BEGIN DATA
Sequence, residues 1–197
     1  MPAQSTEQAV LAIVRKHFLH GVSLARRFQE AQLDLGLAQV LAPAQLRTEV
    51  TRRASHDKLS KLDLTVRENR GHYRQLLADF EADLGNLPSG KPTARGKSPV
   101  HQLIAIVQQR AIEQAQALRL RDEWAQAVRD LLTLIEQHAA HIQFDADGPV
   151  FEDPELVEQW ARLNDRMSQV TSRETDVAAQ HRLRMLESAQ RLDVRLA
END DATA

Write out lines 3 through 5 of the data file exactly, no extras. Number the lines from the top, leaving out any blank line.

    51  TRRASHDKLS KLDLTVRENR GHYRQLLADF EADLGNLPSG KPTARGKSPV
   101  HQLIAIVQQR AIEQAQALRL RDEWAQAVRD LLTLIEQHAA HIQFDADGPV
   151  FEDPELVEQW ARLNDRMSQV TSRETDVAAQ HRLRMLESAQ RLDVRLA